In the September 2002 issue of Acoustic Guitar magazine, two totally unique
Breedlove instruments were given away in a contest. Both had tops of Engelmann
Spruce, and backs of Myrtlewood. Both had Myrtlewood binding. And both were
stunning - to look at, and to hear. But they were not the same type of instrument...
one was a Breedlove mandolin. And one was a Breedlove guitar.
And here is that guitar... a phenomenal Breedlove CM, with a top of Engelmann
spruce, and a double-dip of Myrtlewood everywhere else - a back and sides
of figured Myrtlewood, and Myrtlewood binding on the body and neck. The neck
wood itself is Rock Maple, topped with a blank Ebony fingerboard, and the
bridge and peghead overlay are also of Ebony.This instrument popped up on
ebay recently, although it flew under the radar of many collectors and players,
as it was incorrectly listed as a CM Classic, in Cedar/Walnut. Apparently,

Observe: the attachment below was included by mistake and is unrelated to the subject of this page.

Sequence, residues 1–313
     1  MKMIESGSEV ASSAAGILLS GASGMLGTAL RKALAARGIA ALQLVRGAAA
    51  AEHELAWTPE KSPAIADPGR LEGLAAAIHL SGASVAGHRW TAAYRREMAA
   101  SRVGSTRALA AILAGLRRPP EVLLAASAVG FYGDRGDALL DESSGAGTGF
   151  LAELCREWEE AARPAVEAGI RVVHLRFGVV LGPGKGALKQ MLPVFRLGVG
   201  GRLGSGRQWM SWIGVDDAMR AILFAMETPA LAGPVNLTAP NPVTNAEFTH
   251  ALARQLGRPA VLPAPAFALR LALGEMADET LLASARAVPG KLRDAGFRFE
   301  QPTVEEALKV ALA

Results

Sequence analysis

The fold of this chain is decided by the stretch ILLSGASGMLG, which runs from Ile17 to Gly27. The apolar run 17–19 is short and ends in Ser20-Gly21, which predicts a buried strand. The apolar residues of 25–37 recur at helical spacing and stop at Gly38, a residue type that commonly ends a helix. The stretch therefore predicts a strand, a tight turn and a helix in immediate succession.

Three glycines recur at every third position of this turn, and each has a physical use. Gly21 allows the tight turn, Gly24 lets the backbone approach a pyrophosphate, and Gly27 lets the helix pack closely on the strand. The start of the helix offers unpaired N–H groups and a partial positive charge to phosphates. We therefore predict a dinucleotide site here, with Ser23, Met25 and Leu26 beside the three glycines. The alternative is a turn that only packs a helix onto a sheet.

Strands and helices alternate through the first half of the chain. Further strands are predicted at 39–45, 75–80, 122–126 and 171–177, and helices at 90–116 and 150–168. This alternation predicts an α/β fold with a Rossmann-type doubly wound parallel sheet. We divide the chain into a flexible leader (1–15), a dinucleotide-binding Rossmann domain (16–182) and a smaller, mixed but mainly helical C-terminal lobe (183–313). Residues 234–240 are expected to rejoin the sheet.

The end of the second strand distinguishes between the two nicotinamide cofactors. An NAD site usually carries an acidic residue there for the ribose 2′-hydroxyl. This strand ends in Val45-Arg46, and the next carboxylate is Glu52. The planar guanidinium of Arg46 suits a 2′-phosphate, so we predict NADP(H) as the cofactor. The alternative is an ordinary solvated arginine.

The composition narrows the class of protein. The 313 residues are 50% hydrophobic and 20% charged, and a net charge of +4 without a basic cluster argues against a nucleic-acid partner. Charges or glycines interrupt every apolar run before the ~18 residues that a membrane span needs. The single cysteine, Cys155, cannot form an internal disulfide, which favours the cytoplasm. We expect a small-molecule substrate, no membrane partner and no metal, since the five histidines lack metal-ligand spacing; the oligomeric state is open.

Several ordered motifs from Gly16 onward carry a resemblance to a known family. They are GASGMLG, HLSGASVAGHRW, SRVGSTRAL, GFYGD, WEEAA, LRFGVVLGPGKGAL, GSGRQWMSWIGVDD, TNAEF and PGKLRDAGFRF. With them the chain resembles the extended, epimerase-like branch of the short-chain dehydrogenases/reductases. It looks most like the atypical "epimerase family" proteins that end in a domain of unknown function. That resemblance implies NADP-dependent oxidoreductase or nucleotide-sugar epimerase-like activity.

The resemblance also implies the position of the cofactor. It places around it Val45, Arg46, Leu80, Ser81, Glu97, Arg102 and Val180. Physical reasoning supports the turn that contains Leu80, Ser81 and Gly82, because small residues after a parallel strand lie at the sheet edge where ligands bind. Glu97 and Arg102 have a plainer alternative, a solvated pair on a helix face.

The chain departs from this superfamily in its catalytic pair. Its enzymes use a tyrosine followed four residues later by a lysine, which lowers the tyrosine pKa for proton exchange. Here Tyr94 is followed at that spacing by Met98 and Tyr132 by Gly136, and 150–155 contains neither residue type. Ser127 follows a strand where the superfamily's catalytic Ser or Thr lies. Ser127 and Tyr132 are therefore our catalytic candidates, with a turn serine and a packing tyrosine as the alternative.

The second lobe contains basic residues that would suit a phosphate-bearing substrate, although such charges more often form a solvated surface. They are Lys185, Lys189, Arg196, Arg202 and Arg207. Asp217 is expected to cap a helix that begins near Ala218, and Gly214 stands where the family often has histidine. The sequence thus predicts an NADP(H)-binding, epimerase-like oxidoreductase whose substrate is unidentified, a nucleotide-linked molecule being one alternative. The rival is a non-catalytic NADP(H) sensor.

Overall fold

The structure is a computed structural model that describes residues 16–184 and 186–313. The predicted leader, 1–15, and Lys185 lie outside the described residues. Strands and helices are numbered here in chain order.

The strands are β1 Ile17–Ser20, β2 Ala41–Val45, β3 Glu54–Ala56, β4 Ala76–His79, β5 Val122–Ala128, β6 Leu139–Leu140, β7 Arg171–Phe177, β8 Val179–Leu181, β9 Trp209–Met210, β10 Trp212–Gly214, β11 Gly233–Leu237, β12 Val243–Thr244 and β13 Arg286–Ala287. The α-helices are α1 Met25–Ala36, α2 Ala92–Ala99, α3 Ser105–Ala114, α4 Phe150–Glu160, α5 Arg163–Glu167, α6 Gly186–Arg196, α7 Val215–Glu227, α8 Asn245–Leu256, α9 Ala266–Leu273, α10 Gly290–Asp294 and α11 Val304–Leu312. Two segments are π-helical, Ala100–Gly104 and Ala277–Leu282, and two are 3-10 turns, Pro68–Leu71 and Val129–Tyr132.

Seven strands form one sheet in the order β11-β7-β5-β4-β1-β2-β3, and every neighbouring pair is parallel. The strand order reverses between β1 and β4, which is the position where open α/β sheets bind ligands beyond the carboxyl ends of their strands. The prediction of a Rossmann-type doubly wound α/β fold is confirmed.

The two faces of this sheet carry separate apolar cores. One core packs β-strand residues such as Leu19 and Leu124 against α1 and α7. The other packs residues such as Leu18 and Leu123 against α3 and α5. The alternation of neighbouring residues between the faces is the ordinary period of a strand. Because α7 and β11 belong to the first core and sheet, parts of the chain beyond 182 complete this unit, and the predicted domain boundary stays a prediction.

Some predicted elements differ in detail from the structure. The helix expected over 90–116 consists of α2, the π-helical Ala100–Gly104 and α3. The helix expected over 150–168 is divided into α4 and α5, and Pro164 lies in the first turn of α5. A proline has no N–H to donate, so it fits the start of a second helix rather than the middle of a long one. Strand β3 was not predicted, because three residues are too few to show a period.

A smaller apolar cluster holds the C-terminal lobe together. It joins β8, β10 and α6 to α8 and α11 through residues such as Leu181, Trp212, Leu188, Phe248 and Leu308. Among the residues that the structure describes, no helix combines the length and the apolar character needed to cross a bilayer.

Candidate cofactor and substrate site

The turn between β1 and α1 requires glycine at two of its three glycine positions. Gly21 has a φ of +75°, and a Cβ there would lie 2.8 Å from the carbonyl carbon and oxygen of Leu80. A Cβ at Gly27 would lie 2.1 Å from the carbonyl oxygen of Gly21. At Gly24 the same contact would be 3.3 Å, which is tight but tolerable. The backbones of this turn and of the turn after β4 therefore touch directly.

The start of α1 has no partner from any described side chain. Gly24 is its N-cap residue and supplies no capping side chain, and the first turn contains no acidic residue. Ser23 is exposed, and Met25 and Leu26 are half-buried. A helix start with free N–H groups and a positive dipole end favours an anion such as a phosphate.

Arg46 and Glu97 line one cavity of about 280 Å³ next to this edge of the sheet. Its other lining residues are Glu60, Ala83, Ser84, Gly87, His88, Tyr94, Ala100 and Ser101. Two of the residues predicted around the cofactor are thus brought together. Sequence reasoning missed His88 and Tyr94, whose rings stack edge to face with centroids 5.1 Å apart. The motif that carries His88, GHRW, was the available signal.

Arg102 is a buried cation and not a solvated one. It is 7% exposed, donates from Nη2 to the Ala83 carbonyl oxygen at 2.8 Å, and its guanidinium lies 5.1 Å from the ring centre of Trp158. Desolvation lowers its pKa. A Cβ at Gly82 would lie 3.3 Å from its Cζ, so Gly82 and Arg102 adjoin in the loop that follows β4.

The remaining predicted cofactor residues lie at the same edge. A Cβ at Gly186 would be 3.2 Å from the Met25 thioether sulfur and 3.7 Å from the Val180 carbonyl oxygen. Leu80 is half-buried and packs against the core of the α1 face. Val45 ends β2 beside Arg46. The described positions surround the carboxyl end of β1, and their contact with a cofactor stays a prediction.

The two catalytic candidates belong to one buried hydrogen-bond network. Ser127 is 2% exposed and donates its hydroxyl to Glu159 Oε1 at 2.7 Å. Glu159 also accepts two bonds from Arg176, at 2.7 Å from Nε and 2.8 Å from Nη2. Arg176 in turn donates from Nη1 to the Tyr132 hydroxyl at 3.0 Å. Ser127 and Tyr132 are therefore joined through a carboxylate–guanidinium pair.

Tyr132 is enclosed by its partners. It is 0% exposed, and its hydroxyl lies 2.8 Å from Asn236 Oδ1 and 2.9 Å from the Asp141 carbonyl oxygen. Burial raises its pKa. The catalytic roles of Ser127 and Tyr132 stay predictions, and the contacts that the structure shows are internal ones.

the original owner did not know much about the instrument. And they also did
not seem to have much of an urge to play it, as it is in mint condition. Luckily,
a friend and Imagine Guitars customer was the winner of the original auction
for this guitar. He was quite surprised to open the case and see this beauty
rather than the Cedar/Walnut CM he had been expecting... but after correspondence
with the seller he was confident that the mistake was an honest one, and he
opted not to return it. But he did really want a CM Classic, as it turned
out, and so I found him one and took this instrument into the Imagine stable.
And here it is, fully and honestly represented - a truly unique CM, the pinnacle
of the Breedlove guitar-building aesthetic.
I can't be certain, but I am pretty sure that this guitar arrived with the
original strings (D'addario EXP) still on it. Some of them were still lively,
but obviously a new set was in order. In between string sets, I adjusted the
JLD bridge truss for proper tension, and then restrung the guitar with D'Addario
phosphor bronze lights. And then I said WOW. I'm a big fan of maple-back guitars
- I like the tight, focused sound, and the string-to-string clarity that Maple
contributes. Myrtlewood has a lot of the same characteristics going on. The
Engelmann spruce top responds nicely to finger style playing and strumming.